NBB In Sight

Congressional support looks promising in 2007
By Joe Jobe | January 24, 2007
The million-dollar question often asked of me since the November 2006 elections is, "How will biodiesel fare in the new Congress?" This is an excellent question and one that is asked with significantly more depth than just an interest in political handicapping. While the final answer to this question can't be truly known today, I think the biodiesel community has a lot to be optimistic about.

The outcome of November's elections brought significant change to Capitol Hill. The new Congress convenes with Democrats in control of both houses for the first time since the mid-1990s. House Democrats have a 233-202 majority, while the Democrats' majority in the Senate is significantly closer at 51-49. Some of our strongest supporters aren't returning to Congress this January. These individuals played a significant role in helping to shape public policies beneficial to the industry, which has led to our incredible growth over the past couple of years. To those members of Congress, we are very grateful. Yet, many of our long-time champions have returned to Congress, along with the election of new members who have indicated their strong support for renewables. The industry also enjoys an administration favorable to biodiesel.

During the previous Congress, we saw substantial support for our priority issues. We are once again seeing significant interest being taken by members of Congress in our top legislative priorities: the extension of tax credits, a strong energy component in the next Farm Bill and an alternative diesel standard. U.S. Reps. Earl Pomeroy, D-N.D., and Kenny Hulshof, R-Mo., introduced bipartisan legislation (HR 196) on the first day of the new Congress to extend the biodiesel tax credits permanently. Several additional extension bills are planned for introduction over the next several weeks. The new chairmen of the House and Senate Agriculture committees, Rep. Collin Peterson, D-Minn., and Sen. Tom Harkin, D-Iowa, will have jurisdiction over the next Farm Bill, and both are strong proponents of biodiesel and renewables. Bipartisan legislation providing for an alternative diesel standard that specifically includes biodiesel has also already been introduced.

Further, Democratic leadership has outlined strong support for enhancing America's energy independence and security through renewable fuels. A central component of its agenda includes a repeal of energy-related tax and economic incentive programs for the oil and gas industry. Revenues would be used for renewable energy initiatives to be considered in legislation later this year. The House of Representatives was scheduled to move aggressively to pass legislation repealing the incentives for the oil and gas industry before the end of January.

So, back to the original question How will biodiesel fare in the new Congress? While we can't answer that question definitively just a few days into the new Congress, we are optimistic that biodiesel can and will be a part of the new Congress' agenda. Our priorities must be weighed against the numerous priorities of other industries. Consider other factors that will have a significant impact on Congress' agenda (e.g., the economy, pay-as-you-go budgeting, deficit reduction, etc.). However, as was the case with the previous Congress, there is significant support for energy security, renewable fuels and biodiesel. Biodiesel is a bipartisan topic, and we are seeing it emerge as a powerful bridge issue that is creating opportunities for members from both parties to work together.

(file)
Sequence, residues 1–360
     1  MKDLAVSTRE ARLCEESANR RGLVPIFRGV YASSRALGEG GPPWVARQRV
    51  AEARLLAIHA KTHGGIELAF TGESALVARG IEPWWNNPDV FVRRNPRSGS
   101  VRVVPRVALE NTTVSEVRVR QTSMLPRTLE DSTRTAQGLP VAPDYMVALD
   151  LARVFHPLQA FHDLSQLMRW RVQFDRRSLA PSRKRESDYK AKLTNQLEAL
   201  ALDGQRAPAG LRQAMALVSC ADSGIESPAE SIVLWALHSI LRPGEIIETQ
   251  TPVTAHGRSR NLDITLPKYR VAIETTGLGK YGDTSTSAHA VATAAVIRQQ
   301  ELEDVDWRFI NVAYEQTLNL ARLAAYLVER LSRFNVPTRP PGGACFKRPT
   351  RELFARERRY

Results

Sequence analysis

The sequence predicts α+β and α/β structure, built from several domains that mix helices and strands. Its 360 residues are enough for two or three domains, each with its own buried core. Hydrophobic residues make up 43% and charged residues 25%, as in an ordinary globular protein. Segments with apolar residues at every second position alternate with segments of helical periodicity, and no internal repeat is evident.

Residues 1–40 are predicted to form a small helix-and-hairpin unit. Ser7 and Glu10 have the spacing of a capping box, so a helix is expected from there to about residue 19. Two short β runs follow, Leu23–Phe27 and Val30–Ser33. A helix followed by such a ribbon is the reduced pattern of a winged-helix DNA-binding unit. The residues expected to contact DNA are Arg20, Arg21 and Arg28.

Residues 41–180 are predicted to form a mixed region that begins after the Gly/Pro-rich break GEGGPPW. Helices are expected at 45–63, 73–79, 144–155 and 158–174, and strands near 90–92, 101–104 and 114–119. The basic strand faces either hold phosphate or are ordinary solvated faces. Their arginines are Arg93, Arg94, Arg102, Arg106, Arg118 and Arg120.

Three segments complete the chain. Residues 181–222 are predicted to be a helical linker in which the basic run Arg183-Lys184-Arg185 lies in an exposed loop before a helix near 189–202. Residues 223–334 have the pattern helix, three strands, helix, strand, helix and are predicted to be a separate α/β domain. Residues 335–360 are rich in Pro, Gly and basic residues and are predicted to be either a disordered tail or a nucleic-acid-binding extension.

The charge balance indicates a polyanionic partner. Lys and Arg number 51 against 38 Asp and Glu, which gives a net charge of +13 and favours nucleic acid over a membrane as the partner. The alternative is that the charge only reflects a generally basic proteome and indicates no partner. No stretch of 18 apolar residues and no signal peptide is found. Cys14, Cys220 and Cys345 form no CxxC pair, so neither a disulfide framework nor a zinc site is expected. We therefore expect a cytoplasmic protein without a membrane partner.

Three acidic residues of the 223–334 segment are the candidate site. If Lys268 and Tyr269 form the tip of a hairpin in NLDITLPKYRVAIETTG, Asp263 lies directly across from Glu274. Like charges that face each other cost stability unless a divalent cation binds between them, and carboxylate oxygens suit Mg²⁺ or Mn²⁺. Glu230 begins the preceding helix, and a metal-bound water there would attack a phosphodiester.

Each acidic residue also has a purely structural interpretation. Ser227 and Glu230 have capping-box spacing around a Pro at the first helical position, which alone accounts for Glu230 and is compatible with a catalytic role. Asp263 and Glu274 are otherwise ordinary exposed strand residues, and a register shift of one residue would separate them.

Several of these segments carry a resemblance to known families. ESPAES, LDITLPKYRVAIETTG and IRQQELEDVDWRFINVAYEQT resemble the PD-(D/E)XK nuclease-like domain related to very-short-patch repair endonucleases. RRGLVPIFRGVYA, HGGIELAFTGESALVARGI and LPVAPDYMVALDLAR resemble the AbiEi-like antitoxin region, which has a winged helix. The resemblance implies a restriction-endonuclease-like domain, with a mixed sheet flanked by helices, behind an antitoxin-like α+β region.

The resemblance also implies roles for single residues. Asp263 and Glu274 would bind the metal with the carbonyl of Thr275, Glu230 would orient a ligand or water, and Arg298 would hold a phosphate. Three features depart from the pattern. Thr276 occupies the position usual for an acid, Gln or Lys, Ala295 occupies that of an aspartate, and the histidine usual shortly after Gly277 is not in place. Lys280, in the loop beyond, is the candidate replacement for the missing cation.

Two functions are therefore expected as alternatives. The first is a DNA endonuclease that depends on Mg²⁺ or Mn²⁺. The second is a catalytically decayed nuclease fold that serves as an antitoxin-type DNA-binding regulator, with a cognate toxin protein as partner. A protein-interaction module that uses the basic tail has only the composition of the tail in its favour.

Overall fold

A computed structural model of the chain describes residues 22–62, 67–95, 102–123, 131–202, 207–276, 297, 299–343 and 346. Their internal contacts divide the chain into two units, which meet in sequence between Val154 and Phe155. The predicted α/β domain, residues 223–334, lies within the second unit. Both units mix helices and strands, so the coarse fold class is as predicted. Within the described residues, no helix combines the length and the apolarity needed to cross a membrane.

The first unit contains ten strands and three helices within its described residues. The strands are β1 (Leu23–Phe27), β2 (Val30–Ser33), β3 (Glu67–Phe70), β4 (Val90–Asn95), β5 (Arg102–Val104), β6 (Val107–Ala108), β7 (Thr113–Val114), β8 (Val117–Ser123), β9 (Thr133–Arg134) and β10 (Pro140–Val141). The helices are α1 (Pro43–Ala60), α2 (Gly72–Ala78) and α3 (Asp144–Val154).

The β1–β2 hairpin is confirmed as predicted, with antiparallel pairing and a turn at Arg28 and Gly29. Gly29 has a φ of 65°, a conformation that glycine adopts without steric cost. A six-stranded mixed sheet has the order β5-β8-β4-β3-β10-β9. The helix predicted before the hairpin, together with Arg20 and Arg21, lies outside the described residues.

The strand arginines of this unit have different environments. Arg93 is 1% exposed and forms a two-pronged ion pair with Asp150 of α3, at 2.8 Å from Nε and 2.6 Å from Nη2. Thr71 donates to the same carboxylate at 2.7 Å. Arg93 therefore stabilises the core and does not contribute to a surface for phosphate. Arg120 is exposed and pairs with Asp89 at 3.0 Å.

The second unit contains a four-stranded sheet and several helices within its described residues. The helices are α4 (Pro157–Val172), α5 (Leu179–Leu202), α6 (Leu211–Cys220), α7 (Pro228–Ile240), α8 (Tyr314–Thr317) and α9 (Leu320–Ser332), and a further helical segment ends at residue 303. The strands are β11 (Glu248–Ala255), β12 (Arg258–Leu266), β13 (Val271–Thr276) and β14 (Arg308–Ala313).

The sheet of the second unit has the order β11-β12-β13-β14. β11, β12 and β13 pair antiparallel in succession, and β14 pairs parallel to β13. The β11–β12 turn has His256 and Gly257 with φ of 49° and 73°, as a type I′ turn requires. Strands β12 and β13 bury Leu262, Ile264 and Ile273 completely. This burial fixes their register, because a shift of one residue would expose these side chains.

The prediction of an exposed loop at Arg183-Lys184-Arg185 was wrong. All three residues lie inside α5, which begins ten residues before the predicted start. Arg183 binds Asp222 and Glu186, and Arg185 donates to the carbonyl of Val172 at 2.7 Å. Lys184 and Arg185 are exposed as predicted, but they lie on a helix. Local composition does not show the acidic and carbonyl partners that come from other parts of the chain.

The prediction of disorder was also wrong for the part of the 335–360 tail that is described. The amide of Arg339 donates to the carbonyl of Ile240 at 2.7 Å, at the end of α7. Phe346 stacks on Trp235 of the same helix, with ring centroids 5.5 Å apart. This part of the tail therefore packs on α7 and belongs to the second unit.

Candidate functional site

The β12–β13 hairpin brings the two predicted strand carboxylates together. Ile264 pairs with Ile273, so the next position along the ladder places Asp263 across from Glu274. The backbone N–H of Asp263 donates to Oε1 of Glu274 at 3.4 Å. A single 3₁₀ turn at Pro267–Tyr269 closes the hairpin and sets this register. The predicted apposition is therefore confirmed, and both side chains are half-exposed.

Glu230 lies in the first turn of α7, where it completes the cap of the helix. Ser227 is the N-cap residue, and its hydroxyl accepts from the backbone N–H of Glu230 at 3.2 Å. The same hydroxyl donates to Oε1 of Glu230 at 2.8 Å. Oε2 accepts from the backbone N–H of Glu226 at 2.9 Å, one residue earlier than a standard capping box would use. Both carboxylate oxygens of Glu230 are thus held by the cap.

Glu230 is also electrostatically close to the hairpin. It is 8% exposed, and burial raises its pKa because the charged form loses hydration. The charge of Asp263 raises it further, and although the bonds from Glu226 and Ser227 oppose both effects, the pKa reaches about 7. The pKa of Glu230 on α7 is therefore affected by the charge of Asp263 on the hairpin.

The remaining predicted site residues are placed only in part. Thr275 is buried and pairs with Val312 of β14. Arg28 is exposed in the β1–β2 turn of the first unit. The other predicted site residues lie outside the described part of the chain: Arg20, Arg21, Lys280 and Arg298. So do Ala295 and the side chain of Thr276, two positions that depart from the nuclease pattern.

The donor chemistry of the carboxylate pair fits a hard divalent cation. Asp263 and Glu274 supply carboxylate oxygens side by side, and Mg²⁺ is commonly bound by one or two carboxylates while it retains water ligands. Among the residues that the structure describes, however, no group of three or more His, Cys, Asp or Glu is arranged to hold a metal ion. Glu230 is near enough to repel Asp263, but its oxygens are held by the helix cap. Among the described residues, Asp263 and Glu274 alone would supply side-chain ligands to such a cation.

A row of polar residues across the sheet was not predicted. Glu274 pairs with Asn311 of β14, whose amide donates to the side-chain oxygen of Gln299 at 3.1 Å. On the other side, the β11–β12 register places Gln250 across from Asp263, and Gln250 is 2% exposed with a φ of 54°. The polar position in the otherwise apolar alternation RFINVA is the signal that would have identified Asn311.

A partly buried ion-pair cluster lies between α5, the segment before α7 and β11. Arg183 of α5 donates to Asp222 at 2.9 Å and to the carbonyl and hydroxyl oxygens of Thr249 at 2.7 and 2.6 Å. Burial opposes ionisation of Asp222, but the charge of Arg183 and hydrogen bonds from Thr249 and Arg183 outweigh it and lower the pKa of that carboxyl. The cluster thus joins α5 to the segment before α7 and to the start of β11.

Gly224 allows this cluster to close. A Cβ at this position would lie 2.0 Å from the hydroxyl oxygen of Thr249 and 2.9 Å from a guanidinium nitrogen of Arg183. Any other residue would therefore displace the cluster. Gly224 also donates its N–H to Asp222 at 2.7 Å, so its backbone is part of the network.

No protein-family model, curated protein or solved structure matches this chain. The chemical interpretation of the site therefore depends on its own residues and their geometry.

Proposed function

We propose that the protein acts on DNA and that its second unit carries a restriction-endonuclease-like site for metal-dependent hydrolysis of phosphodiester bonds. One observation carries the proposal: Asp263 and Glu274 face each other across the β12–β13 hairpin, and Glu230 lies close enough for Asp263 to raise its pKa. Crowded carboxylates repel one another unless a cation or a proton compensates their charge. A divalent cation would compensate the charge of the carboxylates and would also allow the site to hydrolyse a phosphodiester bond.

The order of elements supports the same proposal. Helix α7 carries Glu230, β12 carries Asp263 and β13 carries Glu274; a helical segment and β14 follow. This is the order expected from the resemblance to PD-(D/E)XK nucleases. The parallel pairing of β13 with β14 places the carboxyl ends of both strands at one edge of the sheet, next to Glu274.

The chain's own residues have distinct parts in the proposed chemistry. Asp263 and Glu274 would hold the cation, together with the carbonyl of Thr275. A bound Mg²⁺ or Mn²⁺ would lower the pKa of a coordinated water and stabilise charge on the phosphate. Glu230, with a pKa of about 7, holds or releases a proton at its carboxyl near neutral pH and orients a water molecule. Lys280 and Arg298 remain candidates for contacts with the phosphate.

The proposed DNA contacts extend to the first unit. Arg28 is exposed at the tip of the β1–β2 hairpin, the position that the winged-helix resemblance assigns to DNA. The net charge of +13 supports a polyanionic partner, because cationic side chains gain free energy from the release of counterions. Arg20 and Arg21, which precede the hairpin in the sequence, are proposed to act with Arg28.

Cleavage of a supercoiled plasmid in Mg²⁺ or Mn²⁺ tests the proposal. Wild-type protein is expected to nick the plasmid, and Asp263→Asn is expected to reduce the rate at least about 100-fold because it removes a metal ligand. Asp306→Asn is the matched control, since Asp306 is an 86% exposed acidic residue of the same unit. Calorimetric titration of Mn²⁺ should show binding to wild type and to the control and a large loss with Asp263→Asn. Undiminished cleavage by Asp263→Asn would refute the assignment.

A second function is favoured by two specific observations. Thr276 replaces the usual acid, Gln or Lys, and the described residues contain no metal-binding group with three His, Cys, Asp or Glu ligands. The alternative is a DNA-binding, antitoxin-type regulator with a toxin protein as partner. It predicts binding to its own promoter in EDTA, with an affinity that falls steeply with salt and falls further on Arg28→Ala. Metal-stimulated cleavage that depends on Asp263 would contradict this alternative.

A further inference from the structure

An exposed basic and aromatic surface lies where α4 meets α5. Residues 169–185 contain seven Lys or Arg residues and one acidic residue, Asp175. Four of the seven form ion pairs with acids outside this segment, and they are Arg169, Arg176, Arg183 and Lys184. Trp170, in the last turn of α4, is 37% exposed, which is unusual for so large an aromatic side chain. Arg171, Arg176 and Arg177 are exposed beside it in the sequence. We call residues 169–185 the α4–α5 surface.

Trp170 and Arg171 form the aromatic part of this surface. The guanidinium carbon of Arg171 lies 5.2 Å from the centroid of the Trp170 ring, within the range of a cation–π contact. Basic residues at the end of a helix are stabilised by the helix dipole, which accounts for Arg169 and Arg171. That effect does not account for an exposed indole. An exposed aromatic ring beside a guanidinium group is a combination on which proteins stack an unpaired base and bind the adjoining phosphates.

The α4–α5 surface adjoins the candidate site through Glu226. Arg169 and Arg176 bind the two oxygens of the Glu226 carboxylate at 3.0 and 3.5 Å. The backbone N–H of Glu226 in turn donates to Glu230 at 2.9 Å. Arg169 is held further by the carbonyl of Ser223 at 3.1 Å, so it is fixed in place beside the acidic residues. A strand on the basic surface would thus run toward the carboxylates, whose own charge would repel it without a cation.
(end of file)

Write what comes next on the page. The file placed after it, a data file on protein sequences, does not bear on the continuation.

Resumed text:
2006 saw the successful launch of the National Biodiesel Board (NBB) Washington, D.C., office, thanks to the extraordinary efforts of Scott Hughes and Alan Weber. The American Soybean Association (ASA) has long carried virtually all of the political water on behalf of the biodiesel industry and has done so with remarkable effectiveness. With the industry's recent growth, there has been substantially more water to carry and a need for the industry to supplement the ASA's resources. The NBB's new Washington, D.C., office managed to coalesce the industries' collective efforts into a first-class regulatory team, including contributions by our long-time all-stars Gordley Associates and Washington Council Ernst & Young. In 2007, the NBB will be ratcheting up its Washington, presence even further with some additional team members and a powerful legislative affairs strategy that will serve the industry well. Further, the industry's Political Action Committee is launching at the National Biodiesel Conference in February in San Antonio, Texas. This committee will benefit all U.S. biodiesel interests.

Fittingly the theme to this year's conference is "Government Policy." The focus on our critical government policy initiatives (e.g., extending the tax credit and keeping biodiesel from being banned in Texas) is intended to rally the many new members of this policy-driven industry to become more engaged in making our policy initiatives stronger. While we can't predict all of the political dynamics that will unfold with the 110th Congress, the NBB is prepared to take on the many challenges of the coming year with the help of our growing membership.
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